Philippines’ Duterte draws flak for calling God ‘stupid’
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Philippines’ Duterte draws flak for calling God ‘stupid’

FOUL-MOUTHED President Rodrigo Duterte of the Philippines has been accused of blasphemy and being “evil” after controversial remarks he made about God last Friday.

Talking about the Biblical creation story in which Eve was tempted by an apple in the garden of Eden, Duterte asked: “Who is this stupid God? You created something perfect and then you think of an event that would destroy the quality of your work.”

“How can you rationalise that God? How can you believe him?” the president continued, as quoted by the Inquirer newspaper. “So now we’re all born with an original sin. Even in the womb, we already have sin. What kind of religion is that?”

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The Philippines is the largest-Catholic majority nation in Asia and is home to the third largest Catholic population on earth. Its religious authorities retain significant influence in society, some of whom have been vocal critics of the president’s bloody war on drugs.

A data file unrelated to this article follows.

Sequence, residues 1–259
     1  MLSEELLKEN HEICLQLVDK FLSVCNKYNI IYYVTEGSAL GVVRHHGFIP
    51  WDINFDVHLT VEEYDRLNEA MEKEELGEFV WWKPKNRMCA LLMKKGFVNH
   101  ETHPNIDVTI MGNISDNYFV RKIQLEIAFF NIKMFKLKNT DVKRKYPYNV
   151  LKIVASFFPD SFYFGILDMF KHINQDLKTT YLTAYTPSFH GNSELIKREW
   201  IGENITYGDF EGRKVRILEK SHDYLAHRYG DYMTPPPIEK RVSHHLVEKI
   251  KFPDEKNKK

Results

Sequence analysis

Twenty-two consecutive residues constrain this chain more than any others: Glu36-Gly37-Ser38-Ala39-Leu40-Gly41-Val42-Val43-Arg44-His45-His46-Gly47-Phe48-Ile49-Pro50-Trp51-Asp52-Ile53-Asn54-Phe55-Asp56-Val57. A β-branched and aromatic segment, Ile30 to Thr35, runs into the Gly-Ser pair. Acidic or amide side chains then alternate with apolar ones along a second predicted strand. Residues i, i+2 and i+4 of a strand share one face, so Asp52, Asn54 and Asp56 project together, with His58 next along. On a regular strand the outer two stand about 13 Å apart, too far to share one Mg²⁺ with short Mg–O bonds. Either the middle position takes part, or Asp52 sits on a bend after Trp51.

The Chairman of Pro-Life Philippines Raul Nidoy told local television that the president had committed blasphemy by calling God stupid.


Filipino devotees wave plam fronds while a Roman Catholic priest blesses them with holy water during a celebration of Palm Sunday at Redemtorist church in Baclaran, Paranaque city, metro Manila, Philippines March 25, 2018. Source: Reuters/Romeo Ranoco

“Politically, it’s a problem for him. Theologically and morally, I fear for his soul because he is our leader. But I also fear for the souls of the people he is leading,” said Nidoy.

Duterte is “one evil man” said opposition Senator Antonio Trillanes IV and frequent critic of the president in a statement. “It is the height of arrogance of power not only to disrespect and spit on an individual’s faith but also to act as though he is God,” he said.

“If you are a catholic but you don’t utter a word of disgust over your president’s recent pronouncement, please do not go to church tomorrow or pray at night,” tweeted Filipino netizen Arlin Dizon on Saturday.

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Duterte’s spokesman Harry Roque defended the remarks by saying that the views expressed were “the personal belief of the President. You know, our freedom of religion includes the freedom not to believe in any religion,” he said as quoted by Rappler.

“I think the President has his own spirituality but It’s up to him and there’s no need to interpret it.”

Back in 2016, Duterte called Pope Francis the “son of a whore” and told him “go home. Do not visit us again” after a Papal visit caused traffic in Manila. The president later apologised to the Vatican.